The squat works almost every major muscle group and is the motion that people have trouble with when they get older: getting up. It can be done with a barbell, as shown above, or with regular dumbells, or with no weight at all (your arms crossed, or held straight out in front). In the video in the article, an expert explains how with weight training, heavy weights aren’t necessary as long as the muscle gets fatigued. It’s faster to get the muscle sore with heavy weights, but if you can do it by lifting lighter weights for longer, then you’ll get stronger either way.

In general, the expert — he’s Canadian, yet appears smart — says that cardio is a good exercise, but weights will help not only with strength, but also with the efficiency of the exercise. So even distance runners and cyclists will also benefit from weight training.

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From The New York Times, via Lifehacker

Those Who Exercise More, Make More Money

The link between salary and exercise has been known for a while now, but it’s always been a question of correlation versus causation: does exercising make you earn more, does earning more lead to more exercise, or does a third factor cause you to both earn and exercise more? All three avenues are plausible:

  • It is known that exercise stimulates the brain and makes you happier and healthier, so it could in turn make you more productive and easier to get along with at work.
  • Exercise requires a certain amount of leisure time: if you have two kids and no nanny, or two jobs, or both, you’re probably not likely to exercise that often. Whereas if you have the time and money to see a trainer three times a week, you’re probably going to exercise. Also, rich people tend to not be fat, so it could be that simply earning more leads to more exercise.
  • Exercise also requires a certain amount of traits like discipline and perseverance — traits that would also make you more valuable at work. So it could be that those traits cause both more exercise and higher earnings.

One new study attempted to figure out which of the three is the more likely scenario and, surprisingly, it looks like it’s the first.  It used a statistical method to isolate exercise itself as a cause of higher earnings, and the results show that even people who don’t normally exercise start making more money once they begin doing so. Besides the fact that all studies like this should be taken with a grain of salt to begin with, the researcher himself admits more studies need to be done before anything is conclusive. But, given that exercise is already known to help with all kinds of things — being happier, healthier, living longer, warding off Alzheimer’s, migraines and the feebleness of old age — the fact that it might also make you richer is just another reason to get moving.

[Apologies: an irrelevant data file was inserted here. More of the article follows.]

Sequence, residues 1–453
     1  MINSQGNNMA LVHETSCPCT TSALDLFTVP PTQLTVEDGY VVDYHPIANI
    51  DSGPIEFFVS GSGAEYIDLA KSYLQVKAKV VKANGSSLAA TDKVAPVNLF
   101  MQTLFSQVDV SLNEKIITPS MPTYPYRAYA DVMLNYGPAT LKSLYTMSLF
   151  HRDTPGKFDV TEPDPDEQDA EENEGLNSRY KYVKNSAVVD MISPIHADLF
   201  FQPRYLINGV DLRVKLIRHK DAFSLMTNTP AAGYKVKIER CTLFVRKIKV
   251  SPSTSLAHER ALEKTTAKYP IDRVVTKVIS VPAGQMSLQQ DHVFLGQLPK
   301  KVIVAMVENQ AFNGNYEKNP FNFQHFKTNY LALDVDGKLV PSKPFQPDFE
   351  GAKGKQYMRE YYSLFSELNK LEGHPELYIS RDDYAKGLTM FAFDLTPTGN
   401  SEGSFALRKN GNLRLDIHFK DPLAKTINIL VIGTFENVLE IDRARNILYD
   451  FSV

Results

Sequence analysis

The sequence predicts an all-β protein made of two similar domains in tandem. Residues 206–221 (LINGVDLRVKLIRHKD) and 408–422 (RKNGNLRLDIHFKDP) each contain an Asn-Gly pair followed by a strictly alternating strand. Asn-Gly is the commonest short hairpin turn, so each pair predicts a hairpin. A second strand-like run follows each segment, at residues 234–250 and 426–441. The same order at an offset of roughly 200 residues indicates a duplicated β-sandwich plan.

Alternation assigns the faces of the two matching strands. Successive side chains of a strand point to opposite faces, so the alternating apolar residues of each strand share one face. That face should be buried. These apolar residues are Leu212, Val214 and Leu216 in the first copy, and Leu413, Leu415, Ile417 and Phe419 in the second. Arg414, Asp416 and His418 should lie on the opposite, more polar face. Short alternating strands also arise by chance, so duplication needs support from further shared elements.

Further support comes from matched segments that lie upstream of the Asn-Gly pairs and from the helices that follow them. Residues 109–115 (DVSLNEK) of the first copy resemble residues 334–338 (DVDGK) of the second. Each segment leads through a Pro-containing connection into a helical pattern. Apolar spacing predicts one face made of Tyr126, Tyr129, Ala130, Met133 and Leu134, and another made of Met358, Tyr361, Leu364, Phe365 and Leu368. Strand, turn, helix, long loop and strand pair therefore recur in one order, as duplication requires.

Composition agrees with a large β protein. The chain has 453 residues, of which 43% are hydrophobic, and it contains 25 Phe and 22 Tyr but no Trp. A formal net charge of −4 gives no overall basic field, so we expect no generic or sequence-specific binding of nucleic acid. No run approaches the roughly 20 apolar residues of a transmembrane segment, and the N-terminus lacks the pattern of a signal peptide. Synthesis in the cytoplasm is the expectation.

Photo by becaro

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From The Journal of Labor Research, via Smart Money and Lifehacker

Jogging 3x A Week Helps You Live 6 Years Longer

The Copenhagen City Heart Study was started in 1976 and tracks about 20,000 people in that city in order to learn more about heart disease and other health issues. After 35 years, there’s a lot of data there, so the reseearchers decided to crunch it and find out if jogging really is good for you. They looked at about 2,000 joggers at various periods within the 35 years, recorded the amount of time they jog per week and the intensity they do it with, and compared their age at death with that of non-joggers. On average, jogging men lived 6.2 years longer than the non-jogging ones, and the women lived 5.6 years longer.


They also tried to figure out the best jogging regimen: the data shows that running three times a week for about 35 minutes (+/- 15) had the optimum correlation with life expectancy.